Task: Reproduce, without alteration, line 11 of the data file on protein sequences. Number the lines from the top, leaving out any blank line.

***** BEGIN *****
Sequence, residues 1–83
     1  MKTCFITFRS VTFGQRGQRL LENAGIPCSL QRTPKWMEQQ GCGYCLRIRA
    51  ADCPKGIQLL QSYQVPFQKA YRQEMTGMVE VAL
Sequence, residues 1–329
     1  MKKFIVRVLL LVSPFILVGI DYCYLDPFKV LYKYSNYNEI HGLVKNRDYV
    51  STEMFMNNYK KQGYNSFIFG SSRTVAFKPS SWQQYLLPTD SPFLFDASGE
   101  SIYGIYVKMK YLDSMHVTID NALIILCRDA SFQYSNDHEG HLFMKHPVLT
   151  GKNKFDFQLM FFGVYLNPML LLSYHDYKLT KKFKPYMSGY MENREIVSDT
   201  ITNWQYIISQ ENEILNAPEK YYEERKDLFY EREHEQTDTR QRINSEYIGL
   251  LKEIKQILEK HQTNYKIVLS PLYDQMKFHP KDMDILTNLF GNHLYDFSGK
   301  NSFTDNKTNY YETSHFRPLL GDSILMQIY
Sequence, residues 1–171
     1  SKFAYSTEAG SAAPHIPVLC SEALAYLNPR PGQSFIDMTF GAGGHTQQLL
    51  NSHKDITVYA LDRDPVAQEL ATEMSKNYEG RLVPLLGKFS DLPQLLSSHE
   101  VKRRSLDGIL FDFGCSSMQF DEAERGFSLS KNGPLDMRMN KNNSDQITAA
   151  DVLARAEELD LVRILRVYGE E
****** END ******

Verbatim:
   301  NSFTDNKTNY YETSHFRPLL GDSILMQIY